Building Suspense in Your Romance

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Whether you’re writing children’s fantasy or erotic romance, suspense is a necessary element of your novel. Suspense is that state of mental uncertainty that causes anxiety in your reader. They might wonder what will happen next, or they might even know what will happen (such as romance’s HEA) but not how. It’s that state of suspense that keeps the reader reading.

Following are a few tips on writing suspense into your romances:

  • Internal Conflict

Well-written heroes and heroines will have internal conflict above and beyond what gets them involved with each other. This is what brings your characters to life, what makes them 3-dimensional. Reveal the internal conflict slowly throughout the novel in order to maintain suspense.

  • Make Things Worse

Things should go from bad to worse for your MCs. If they take one step forward, they should take two steps back. It’s this constant tug that creates tension and keeps readers enthralled.

  • Foreshadow

There should be clues in your writing that foreshadow things to come. This is especially effective if your clues are not too obvious. Consider including a few ‘false’ clues to throw your readers off.

  • Conflict over Complications

Complications are things that happen by fate, such as a freak thunderstorm. You can include complications in your story, but the real page-turning suspense comes from conflict between your characters.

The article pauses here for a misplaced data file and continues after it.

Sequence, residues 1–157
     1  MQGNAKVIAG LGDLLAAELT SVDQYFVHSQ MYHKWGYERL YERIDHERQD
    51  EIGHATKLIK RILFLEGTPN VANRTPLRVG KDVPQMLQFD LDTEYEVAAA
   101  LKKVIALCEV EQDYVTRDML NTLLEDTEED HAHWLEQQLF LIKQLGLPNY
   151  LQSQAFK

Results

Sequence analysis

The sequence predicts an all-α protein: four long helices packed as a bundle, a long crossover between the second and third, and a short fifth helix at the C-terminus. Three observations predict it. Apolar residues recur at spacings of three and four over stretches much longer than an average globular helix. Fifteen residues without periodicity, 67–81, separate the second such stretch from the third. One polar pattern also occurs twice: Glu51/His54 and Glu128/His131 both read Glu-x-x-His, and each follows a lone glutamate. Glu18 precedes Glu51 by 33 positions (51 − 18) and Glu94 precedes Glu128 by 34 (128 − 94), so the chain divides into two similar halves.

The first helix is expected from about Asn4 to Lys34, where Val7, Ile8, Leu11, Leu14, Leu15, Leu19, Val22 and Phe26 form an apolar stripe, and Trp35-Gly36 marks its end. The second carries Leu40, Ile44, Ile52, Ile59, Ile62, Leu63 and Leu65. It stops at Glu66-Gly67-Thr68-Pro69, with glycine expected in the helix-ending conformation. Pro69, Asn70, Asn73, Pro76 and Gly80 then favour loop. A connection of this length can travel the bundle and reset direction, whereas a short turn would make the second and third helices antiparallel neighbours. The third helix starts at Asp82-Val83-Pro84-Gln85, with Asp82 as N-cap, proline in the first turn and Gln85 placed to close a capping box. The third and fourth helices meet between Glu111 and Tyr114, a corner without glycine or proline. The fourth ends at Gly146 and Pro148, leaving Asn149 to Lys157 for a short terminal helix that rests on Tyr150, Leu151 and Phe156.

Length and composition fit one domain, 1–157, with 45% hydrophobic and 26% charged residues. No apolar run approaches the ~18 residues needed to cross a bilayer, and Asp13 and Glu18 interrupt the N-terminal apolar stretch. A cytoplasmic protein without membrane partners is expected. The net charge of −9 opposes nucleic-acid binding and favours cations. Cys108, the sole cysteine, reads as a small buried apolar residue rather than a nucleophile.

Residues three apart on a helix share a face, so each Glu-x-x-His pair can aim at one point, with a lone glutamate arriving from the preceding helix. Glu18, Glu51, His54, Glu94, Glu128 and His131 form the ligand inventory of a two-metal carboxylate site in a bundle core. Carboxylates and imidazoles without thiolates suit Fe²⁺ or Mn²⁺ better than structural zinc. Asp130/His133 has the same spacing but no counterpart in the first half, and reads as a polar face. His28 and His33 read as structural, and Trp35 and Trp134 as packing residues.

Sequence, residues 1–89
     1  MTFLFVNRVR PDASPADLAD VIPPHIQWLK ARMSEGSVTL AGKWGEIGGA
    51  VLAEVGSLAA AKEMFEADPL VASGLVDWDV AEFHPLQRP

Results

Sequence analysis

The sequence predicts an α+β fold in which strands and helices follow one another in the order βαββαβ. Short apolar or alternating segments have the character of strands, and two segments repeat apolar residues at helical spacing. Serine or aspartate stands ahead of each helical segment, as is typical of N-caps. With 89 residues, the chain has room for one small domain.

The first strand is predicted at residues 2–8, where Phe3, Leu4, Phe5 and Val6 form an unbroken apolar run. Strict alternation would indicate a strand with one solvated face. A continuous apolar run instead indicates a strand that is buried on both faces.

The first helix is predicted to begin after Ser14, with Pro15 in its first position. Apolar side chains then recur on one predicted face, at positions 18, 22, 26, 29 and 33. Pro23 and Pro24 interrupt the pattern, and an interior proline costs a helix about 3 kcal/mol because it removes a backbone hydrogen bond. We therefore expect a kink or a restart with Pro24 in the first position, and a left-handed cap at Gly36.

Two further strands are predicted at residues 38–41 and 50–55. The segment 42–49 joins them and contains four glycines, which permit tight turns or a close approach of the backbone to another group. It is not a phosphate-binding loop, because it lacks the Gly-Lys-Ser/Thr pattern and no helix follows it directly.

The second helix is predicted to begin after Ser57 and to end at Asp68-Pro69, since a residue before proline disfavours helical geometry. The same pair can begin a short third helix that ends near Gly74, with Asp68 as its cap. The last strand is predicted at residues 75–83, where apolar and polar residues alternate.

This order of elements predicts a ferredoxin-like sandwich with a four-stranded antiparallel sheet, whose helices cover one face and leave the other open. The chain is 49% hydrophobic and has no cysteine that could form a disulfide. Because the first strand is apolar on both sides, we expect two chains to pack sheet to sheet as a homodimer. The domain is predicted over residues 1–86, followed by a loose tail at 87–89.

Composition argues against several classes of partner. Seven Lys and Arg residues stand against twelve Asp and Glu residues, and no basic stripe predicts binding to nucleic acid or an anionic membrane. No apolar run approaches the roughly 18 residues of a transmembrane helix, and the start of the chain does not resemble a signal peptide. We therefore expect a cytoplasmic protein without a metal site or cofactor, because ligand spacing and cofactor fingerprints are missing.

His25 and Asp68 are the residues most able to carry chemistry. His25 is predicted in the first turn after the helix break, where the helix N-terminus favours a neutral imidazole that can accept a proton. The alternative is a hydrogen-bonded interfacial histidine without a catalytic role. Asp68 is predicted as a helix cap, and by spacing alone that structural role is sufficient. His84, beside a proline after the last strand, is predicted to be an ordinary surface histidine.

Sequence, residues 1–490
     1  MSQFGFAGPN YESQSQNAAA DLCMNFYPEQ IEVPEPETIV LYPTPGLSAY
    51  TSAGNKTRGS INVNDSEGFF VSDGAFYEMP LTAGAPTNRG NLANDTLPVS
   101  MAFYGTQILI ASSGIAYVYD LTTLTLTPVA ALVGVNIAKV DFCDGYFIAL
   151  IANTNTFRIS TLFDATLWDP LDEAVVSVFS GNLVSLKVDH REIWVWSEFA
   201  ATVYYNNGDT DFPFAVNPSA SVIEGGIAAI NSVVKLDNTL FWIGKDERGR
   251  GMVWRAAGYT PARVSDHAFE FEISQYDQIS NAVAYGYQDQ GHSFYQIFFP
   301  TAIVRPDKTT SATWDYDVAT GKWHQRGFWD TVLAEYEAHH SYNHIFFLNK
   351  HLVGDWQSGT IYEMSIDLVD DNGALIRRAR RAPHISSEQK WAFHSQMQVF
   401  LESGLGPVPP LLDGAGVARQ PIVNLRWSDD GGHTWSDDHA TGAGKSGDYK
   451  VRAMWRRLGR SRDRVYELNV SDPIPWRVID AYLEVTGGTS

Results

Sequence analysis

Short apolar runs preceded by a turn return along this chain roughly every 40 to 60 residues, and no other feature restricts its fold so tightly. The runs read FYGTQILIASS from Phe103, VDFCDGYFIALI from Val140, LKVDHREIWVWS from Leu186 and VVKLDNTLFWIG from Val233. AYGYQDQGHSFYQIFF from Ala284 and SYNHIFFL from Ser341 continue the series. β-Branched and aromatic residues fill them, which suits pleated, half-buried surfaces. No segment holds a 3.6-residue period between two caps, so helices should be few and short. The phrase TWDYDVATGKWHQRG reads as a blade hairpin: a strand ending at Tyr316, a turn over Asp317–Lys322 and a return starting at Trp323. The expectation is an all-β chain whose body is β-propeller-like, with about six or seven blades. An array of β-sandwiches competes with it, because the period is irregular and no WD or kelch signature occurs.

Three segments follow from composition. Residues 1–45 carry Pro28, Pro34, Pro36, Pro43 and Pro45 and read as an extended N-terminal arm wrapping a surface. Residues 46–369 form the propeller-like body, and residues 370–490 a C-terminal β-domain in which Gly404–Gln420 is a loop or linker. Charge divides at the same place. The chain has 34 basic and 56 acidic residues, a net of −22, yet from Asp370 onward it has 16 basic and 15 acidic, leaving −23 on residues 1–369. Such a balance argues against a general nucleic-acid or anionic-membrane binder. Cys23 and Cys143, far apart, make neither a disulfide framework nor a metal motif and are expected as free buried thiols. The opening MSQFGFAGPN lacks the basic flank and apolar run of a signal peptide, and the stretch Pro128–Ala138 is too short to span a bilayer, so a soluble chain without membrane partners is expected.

For a good primer on writing suspense (where I got much of this information), check out “From the Basement to the Penthouse: The ABC’s of Building Suspense”, a workshop given by Sharon Sala during RWA’s 2009 Conference.

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9 thoughts on “Building Suspense in Your Romance

    Ciara Knight said:
    January 12, 2011 at 10:04 am

    Great post! You explained it well, Rosalie.

    Julia Rachel Barrett said:
    January 12, 2011 at 10:39 am

    As always, timely. I’m working on another romance suspense now. It’s slow going this time around – lots of details to keep straight – not so much for the reader, but for me. I’m standing in my heroine’s shoes and following her path, trying to stay as many steps ahead of the bad guys as possible. The good guy is trying to find her as well, but she doesn’t know whose side he’s on yet. Thanks for the post.

      Rosalie Lario responded:
      January 12, 2011 at 2:39 pm

      You’re welcome, Julia, and good luck! I’m always amazed by how different each novel is. With my last one the words flew by as if I was possessed. The current one, which happens to feature my favorite hero of all time, is much slower going. It can get frustrating. 🙂

    Pamala Knight said:
    January 12, 2011 at 1:41 pm

    Thanks for the excellent post on building suspense. Timely and wise words indeed.

    Jory Strong said:
    January 12, 2011 at 1:59 pm

    Good post. Do you have a link to Sharon Sala’s “From the Basement to the Penthouse: The ABC’s of Building Suspense”?

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